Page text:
Ron Paul Winning CPAC: Real vs. Ideal

Almost everyone who follows politics knows that at the annual Conservative Political Action Conference libertarian-republican (if you can put those two words together) Representative from Texas, Ron Paul, won the straw poll. CNN has it here:

“The results of the Washington Times CPAC straw poll of presidential candidates are in, and the winner is Texas Rep. Ron Paul, with 30 percent of the vote. Former Massachusetts Gov. Mitt Romney was the runner-up with 23 percent.

There were 3,742 ballots cast in the annual survey, which is a chance for devotees to name their pick for president in 2012. Fifty-six percent of those surveyed said they were generally satisfied with the field of potential candidates and 43 percent said they wished the GOP had a better field of potential candidates. For those surveyed, the size of the federal government was the most important issue to them.”

In a lot of ways the above straw poll shows the state of the Republican party. The debate between the ideal and the real.

The Mitt Romney’s of the Republican party are going to argue that the Ron Paul’s of the party even with their good ideas are not electable, we should settle on someone like Mitt Romney, which they consider the real. The Ron Paul’s of the party will say that we should not settle for the ideal. So who wins?

Neither of them will ever win. This is what “Republicans” have such a hard time accepting. The system, which is our laws and policies, will never elect anyone who is for limited government. It just simply can’t happen. The current system rewards those that dole out to special interests and punishes those that stand for ideals. It doesn’t matter whether your limited government candidate is a Ken doll from a liberal state or a squirrelly off the cuff texan, he who will be elected will have to have friends in high places to do so.

Why is it the Republican party cannot accept this? Think about the majority of Republican party members. They usually hold one, if not all of these characteristics:

  • Loves the Constitution
  • Loves the American Flag
  • Loves the Founding Fathers

Now, there is nothing wrong with loving these three things. But like a good love, they will break your heart. And the Republican party refuses to get over it. The founding fathers were great visionaries and they created a government that they would hope would stay limited. They did the best they could do and they should be honored for that. But that does not help us sustain a limited government.

Next is the Constitution and this is the real big one for conservatives. How many times have we heard “only if they followed the Constitution”? I know I have heard it a million times myself. But for some reason conservatives and the Republican party are okay with saying that. It’s as meaningless as a police chief throwing up his hands and saying “only if they followed the law.”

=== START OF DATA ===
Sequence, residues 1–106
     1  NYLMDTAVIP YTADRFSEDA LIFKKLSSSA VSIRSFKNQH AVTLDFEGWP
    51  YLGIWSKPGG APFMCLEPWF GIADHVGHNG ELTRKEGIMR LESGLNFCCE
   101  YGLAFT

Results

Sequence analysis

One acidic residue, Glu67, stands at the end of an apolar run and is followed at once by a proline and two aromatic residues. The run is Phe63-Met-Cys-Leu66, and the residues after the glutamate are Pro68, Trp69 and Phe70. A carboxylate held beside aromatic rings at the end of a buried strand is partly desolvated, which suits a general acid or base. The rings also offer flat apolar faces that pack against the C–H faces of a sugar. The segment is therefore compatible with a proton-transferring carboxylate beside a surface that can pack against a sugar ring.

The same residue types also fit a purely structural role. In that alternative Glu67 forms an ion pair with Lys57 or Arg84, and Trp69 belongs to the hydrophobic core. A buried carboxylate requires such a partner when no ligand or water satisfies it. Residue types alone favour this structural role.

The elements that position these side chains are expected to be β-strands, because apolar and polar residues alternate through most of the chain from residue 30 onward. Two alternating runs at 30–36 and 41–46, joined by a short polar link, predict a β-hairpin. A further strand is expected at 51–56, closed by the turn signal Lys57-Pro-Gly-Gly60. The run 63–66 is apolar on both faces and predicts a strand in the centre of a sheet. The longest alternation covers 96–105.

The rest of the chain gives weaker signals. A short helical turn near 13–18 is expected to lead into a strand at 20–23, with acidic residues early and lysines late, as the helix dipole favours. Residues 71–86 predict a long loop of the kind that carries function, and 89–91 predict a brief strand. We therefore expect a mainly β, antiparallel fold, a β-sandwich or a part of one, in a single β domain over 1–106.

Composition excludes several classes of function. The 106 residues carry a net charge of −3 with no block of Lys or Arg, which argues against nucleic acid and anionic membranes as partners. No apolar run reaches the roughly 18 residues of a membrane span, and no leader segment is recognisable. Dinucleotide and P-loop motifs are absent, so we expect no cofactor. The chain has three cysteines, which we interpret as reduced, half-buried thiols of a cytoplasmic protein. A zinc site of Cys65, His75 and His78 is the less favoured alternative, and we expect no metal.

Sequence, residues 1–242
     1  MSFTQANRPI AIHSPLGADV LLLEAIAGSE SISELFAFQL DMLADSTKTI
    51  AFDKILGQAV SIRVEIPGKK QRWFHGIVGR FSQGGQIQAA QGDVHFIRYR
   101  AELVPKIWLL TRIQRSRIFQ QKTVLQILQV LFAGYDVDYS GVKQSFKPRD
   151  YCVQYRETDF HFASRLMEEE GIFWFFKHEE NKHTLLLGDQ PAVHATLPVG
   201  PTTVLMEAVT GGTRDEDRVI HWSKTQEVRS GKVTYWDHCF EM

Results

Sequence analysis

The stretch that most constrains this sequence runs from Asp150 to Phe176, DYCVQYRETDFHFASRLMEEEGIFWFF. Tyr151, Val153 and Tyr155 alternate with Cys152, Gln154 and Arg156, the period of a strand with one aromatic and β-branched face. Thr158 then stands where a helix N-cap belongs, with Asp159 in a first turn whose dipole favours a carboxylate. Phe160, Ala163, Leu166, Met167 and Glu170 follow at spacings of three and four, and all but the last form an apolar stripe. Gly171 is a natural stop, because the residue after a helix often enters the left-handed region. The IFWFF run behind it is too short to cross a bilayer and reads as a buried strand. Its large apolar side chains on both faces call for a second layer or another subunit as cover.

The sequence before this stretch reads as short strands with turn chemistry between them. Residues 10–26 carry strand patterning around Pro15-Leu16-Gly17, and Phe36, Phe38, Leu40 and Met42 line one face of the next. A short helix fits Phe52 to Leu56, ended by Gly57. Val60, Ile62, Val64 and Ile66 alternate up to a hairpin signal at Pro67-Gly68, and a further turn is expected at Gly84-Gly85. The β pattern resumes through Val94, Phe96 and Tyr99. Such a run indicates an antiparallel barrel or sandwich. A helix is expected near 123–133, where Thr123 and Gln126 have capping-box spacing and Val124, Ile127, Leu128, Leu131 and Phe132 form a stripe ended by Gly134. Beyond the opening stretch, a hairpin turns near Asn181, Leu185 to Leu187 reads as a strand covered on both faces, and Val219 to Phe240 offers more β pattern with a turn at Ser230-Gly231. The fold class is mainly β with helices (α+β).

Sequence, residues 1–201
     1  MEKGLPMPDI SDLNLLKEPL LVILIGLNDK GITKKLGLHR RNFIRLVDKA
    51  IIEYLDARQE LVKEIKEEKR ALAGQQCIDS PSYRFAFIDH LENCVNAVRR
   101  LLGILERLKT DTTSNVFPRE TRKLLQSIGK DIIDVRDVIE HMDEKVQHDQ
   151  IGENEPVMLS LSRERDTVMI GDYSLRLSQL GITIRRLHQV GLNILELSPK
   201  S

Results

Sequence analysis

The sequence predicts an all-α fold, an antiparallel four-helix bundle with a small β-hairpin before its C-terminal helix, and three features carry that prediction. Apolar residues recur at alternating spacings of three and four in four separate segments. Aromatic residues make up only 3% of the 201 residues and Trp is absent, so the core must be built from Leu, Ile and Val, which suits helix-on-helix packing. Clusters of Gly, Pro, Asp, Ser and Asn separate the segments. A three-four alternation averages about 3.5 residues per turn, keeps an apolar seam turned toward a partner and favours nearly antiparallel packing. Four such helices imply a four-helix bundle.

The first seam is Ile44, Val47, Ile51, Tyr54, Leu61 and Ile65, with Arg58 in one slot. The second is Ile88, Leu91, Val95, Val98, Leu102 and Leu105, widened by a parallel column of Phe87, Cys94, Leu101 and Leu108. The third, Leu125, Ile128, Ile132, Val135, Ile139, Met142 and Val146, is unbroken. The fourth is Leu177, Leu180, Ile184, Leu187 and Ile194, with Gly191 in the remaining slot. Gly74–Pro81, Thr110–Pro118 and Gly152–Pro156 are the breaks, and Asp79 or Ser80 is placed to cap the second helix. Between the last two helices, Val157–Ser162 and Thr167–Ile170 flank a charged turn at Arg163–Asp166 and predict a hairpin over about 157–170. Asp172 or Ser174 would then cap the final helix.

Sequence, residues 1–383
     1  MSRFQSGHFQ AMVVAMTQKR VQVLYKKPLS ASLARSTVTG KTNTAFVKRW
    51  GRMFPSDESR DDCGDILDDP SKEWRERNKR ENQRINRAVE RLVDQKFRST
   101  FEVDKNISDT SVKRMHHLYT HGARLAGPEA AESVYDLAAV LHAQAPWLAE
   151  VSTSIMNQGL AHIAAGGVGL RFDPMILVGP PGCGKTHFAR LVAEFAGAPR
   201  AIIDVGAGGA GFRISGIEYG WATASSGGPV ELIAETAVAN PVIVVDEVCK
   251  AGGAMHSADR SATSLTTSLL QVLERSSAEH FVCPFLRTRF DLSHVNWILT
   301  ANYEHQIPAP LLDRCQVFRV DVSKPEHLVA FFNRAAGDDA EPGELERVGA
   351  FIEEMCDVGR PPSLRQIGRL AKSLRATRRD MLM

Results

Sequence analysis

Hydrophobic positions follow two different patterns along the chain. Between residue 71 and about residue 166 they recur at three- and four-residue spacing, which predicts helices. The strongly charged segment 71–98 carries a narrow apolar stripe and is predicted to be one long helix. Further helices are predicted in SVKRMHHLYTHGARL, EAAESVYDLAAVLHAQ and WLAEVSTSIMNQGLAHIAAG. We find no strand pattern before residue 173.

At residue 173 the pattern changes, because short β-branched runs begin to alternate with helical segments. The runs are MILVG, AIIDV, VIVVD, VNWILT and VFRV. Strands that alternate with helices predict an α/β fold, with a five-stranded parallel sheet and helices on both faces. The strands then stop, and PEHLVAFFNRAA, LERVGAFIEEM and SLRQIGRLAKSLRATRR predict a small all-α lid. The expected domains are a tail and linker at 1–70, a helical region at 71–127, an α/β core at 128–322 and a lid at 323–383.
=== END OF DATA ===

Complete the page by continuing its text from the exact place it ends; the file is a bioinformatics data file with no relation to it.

What we need to look at is why is it that the Constitution is not followed? And under what system would we have a more effective society? Is there an alternative?

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Should the GOP Run Toward the “Middle”? By Jack Hunter

Today’s article of the day comes from Campaign for Liberty:

When Republican Sen. Arlen Specter defected to the Democratic Party recently, politicians and pundits everywhere heralded the move as another sign that the GOP was “too conservative.” Said liberal Republican Sen. Olympia Snowe, “If the Republican Party fully intends to become a majority party in the future, it must move from the far right back toward the middle.”

Presumably “the middle,” a pasture that so many Democrats, liberal Republicans, and others believe the GOP should now graze, is a place free of “reckless” government-slashing rhetoric. These critics believe Obama is president, the Democrats are in power, and Republicans who refuse to “change” with the rest of the country will face inevitable defeat for the foreseeable future. The Republican Party is simply “too conservative,” they say. Nothing could be more untrue.

What exactly did voters reject in 2008 that makes for such a dark future for conservatives? A government-slashing Congress? A president that cracked down on illegal immigration? A Christian right, gun zealot? No, they rejected George W. Bush, a big government, amnesty-proposing president, who was occasionally socially conservative in his rhetoric, but rarely in practice. Between the war and spending, America soured on Bush for reasons that had nothing to do with conservatism.

Does anyone really believe voters are now enamored with Barack Obama because they despise conservatism and love liberalism? Americans aren’t that ideological. After 100 days in office, Obama’s popularity remains high, with a significant majority in a recent Gallup poll saying he is doing a good job. But when the same poll asks “what is the worst thing Barack Obama has done since he became president?,” the number one answer is “stimulus spending,” the president’s most ambitious and most defining piece of legislation to date.

If the GOP must move to the middle to win elections, exactly what do Republicans gain by backing massive spending increases which even those who support Obama are uncomfortable with? Why is becoming more like the Democrats considered the path to GOP success? What’s the point of even having a Republican Party?

The GOP would do well to flee from the consensus middle and take a hard right on the top issues that continue to concern Americans across the political spectrum — out-of-control spending, outrageous debt, and our ever-expanding federal government. In other words, the Republican Party should actually become the party of small government it has always pretended to be.